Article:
Is that you? Metric Learning Approaches for Face Identification


 Timothy Eaton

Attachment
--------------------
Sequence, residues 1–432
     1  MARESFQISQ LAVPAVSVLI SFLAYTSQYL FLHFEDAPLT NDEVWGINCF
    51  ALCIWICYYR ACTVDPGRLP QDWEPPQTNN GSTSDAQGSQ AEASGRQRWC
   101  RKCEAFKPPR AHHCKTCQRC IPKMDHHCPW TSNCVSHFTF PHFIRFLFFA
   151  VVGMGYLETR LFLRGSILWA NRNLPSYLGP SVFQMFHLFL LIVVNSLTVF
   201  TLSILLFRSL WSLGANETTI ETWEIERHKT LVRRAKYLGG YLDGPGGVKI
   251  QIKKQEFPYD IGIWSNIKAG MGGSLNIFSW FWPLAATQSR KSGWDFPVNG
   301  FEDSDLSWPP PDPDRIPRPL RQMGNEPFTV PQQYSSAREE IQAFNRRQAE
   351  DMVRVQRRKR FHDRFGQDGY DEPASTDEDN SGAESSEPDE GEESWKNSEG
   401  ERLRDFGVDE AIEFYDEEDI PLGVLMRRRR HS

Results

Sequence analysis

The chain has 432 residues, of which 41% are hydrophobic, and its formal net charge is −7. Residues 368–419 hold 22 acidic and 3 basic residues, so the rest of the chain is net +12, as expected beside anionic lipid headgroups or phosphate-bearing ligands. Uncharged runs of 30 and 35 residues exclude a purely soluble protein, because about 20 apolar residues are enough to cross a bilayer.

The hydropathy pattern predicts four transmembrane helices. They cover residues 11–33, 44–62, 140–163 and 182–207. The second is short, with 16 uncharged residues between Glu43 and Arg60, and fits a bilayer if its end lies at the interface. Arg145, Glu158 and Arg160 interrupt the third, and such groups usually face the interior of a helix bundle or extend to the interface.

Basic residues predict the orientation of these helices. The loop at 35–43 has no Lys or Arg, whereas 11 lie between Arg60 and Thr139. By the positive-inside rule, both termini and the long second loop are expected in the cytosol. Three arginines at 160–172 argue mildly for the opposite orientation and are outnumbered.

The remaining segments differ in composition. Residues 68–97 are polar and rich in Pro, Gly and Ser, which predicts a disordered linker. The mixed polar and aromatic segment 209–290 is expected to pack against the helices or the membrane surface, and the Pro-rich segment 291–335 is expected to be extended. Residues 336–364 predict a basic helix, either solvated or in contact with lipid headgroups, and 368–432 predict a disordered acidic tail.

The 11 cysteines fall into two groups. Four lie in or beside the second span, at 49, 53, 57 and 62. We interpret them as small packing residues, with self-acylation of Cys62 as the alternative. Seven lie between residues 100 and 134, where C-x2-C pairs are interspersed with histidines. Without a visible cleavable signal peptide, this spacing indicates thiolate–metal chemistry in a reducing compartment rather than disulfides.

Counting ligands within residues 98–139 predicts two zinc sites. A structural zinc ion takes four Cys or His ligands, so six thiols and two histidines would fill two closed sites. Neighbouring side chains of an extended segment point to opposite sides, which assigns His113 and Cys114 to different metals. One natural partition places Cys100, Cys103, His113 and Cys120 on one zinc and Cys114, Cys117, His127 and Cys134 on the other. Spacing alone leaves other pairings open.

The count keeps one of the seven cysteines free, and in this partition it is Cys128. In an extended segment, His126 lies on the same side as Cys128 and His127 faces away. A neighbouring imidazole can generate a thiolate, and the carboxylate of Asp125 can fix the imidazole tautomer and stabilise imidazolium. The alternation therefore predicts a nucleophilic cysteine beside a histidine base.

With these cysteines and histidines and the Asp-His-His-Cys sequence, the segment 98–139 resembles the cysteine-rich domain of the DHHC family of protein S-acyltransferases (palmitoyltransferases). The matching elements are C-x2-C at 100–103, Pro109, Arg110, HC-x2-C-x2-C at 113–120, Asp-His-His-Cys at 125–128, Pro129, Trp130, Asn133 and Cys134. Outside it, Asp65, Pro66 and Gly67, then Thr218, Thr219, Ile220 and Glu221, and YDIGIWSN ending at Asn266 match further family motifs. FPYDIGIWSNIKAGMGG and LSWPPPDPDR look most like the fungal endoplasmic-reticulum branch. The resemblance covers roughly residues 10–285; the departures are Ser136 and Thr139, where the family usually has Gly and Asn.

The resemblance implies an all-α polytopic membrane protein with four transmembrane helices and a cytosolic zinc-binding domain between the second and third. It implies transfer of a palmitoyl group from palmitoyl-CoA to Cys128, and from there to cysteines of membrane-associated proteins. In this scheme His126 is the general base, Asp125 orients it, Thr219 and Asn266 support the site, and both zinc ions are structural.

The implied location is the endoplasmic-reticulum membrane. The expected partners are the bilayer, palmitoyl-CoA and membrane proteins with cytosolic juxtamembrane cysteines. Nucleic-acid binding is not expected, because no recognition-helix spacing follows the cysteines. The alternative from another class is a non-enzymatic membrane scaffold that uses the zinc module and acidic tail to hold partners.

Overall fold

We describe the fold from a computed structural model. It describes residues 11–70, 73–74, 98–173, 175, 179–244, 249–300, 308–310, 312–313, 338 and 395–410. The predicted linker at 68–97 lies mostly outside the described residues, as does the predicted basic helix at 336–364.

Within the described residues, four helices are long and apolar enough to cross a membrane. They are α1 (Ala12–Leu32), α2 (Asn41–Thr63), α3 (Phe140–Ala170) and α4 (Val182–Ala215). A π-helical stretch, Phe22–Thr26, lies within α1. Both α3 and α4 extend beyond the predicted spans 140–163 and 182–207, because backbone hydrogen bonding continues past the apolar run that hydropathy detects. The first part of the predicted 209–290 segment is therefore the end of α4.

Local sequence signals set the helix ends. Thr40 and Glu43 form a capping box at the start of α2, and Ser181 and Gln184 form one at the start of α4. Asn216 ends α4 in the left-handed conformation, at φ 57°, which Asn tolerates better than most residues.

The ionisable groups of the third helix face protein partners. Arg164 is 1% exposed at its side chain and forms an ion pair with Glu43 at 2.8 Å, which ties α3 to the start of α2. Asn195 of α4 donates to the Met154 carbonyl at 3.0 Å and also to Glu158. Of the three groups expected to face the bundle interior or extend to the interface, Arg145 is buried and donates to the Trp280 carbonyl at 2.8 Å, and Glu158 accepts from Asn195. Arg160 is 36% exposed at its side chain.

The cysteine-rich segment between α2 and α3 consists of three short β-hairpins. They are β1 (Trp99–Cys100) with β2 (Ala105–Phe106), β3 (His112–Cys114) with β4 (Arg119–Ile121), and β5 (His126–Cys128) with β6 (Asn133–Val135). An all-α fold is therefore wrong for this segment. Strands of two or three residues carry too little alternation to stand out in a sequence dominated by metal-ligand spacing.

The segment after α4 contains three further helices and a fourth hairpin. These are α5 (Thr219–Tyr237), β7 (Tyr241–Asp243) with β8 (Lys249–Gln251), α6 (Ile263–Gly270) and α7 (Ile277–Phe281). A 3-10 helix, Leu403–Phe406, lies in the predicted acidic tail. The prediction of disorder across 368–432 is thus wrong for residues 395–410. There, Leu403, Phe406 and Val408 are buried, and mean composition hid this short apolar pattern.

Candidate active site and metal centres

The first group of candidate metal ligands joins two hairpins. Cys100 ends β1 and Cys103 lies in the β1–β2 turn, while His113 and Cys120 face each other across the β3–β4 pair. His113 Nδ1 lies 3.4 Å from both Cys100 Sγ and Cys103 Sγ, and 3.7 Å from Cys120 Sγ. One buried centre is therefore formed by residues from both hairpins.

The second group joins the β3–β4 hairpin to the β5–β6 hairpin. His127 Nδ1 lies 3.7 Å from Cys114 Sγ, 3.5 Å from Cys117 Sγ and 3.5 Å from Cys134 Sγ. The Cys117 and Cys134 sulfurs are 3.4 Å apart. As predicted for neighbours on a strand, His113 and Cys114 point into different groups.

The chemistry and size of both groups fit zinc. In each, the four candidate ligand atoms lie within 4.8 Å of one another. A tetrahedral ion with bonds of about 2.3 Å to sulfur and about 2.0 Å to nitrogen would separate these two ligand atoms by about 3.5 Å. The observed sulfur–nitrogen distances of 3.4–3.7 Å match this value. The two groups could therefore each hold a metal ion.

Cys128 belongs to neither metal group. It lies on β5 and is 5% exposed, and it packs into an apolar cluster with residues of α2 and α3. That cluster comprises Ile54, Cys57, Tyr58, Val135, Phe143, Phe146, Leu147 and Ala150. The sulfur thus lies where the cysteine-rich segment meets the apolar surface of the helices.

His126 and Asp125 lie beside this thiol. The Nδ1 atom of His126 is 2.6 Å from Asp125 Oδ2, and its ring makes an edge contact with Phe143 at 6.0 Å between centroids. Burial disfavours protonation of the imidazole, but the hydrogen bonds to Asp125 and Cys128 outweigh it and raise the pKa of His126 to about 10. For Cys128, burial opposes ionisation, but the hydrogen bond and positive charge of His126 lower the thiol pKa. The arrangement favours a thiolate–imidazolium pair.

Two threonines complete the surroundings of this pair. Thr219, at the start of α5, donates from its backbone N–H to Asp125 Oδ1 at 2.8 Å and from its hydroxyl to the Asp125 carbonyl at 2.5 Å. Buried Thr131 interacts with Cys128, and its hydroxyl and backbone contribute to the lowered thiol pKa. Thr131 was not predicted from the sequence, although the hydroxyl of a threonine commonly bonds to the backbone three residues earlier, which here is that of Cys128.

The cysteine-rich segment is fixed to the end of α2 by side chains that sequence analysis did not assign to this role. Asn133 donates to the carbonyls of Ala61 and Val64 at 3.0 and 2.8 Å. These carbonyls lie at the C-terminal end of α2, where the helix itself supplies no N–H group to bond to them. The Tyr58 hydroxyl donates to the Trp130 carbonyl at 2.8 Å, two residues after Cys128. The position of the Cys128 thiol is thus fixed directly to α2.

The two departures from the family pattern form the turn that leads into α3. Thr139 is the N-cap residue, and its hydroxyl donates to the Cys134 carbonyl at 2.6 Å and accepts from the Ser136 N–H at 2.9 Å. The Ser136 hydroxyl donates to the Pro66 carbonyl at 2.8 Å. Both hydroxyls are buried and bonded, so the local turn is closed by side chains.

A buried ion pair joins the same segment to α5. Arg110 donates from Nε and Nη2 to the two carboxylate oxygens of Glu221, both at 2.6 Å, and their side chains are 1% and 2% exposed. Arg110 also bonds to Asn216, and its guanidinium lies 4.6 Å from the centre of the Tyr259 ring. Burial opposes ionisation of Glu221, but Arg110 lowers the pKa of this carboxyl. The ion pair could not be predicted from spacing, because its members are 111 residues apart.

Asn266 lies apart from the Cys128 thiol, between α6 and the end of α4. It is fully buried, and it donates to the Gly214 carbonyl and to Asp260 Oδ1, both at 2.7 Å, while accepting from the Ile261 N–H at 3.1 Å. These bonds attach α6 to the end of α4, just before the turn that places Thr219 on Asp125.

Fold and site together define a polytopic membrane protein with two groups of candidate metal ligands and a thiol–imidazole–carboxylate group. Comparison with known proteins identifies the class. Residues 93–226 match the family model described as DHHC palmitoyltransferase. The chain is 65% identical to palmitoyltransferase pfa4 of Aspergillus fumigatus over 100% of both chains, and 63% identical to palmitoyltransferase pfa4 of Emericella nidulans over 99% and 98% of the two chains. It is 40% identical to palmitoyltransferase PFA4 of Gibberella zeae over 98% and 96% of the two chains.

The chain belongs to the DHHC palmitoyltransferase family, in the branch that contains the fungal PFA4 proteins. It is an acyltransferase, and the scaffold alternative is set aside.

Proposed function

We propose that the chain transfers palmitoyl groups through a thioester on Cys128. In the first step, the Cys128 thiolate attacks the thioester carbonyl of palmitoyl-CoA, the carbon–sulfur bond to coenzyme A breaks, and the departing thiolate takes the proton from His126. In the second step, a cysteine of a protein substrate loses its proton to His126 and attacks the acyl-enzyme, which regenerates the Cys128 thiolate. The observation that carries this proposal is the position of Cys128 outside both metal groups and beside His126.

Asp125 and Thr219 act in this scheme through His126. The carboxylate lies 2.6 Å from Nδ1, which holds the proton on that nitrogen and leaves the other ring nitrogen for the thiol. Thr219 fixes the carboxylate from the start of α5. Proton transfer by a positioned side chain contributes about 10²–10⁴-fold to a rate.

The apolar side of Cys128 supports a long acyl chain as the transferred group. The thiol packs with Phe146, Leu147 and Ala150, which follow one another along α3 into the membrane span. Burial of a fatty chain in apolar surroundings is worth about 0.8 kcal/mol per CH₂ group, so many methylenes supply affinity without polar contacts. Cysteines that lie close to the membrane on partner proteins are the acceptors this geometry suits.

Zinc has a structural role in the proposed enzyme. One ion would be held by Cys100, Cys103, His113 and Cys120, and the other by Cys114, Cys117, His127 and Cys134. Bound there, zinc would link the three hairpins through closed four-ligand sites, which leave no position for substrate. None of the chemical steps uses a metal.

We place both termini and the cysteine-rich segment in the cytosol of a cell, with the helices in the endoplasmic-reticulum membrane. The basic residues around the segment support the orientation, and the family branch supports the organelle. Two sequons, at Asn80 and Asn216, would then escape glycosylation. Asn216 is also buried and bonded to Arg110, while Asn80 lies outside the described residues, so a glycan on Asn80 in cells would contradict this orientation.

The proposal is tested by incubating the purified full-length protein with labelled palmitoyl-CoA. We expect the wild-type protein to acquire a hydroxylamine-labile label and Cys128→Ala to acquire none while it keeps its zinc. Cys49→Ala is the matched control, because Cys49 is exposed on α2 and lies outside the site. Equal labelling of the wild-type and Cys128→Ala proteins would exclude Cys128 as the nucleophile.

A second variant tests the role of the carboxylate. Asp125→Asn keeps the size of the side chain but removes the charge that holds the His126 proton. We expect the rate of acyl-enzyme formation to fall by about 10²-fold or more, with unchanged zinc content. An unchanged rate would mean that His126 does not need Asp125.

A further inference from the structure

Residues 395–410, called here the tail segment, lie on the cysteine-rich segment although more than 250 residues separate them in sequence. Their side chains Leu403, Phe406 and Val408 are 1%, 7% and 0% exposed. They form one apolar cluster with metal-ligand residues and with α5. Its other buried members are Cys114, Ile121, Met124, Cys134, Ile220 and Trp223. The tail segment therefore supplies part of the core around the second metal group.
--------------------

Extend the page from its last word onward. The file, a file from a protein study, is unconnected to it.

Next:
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1 Is that you? Metric Learning Approaches for Face Identification Matthieu Guillaumin, Jakob Verbeek and Cordelia Schmid LEAR, INRIA Grenoble Laboratoire Jean Kuntzmann Abstract Face identification is the problem of determining whether two face images depict the same person or not. This is difficult due to variations in scale, pose, lighting, background, expression, hairstyle, and glasses. In this paper we present two methods for learning robust distance measures: (a) a logistic discriminant approach which learns the metric from a set of labelled image pairs (LDML) and (b) a nearest neighbour approach which computes the probability for two images to belong to the same class (MkNN). We evaluate our approaches on the Labeled Faces in the Wild data set, a large and very challenging data set of faces from Yahoo! News. The evaluation protocol for this data set defines a restricted setting, where a fixed set of positive and negative image pairs is given, as well as an unrestricted one, where faces are labelled by their identity. We are the first to present results for the unrestricted setting, and show that our methods benefit from this richer training data, much more so than the current stateoftheart method. Our results of 79.3% and 87.5% correct for the restricted and unrestricted setting respectively, significantly improve over the current stateoftheart result of 78.5%. Confidence scores obtained for face identification can be used for many applications e.g. clustering or recognition from a single training example. We show that our learned metrics also improve performance for these tasks. 1. Introduction Face identification is a binary classification problem over pairs of face images: we have to determine whether or not the same person is depicted in both images. More generally, visual identification refers to deciding whether or not two images depict the same object from a certain class. The confidence scores, or a posteriori class probabilities, for the visual identification problem can be thought of as an objectcategoryspecific dissimilarity measure between instances of the category. Ideally it is 1 for images of different instances, and 0 for images of the same object. Importantly, Figure 1. Several examples face pairs of the same person from the Labeled Faces in the Wild data set. We show pairs that were correctly (top) and incorrectly (bottom) classified with our method. scores for visual identification can also be applied for other problems such as visualisation, recognition from a single example [18], associating names and faces in images [2, 11] or video [7], or people oriented topic models [16]. Recently there has been considerable interest for face and visual identification [5, 8, 12, 15, 20, 24]. Faces are particularly challenging due to possible variations in appearance, see for example Figure 1. Furthermore, the analysis of humans (identity, pose, actions, etc.) is an important topic in computer vision. In this paper we propose two methods for face identification based on learning Mahalanobis metrics over a given representation space. The first method, LDML, uses logistic discriminant to learn a metric from a set of labelled image pairs. Its objective is to find a metric such that positive pairs have smaller distances than negative pairs. The second method, MkNN, uses a set of labelled images, and is based on marginalising a knearestneighbour (knn) classifier for both images of a pair. The MkNN classifier computes the marginal probability that the two faces are the same person, i.e. marginalising over who that exactly is. For this second method we also use a learned metric, albeit one that is optimised for knn classification [23]. 1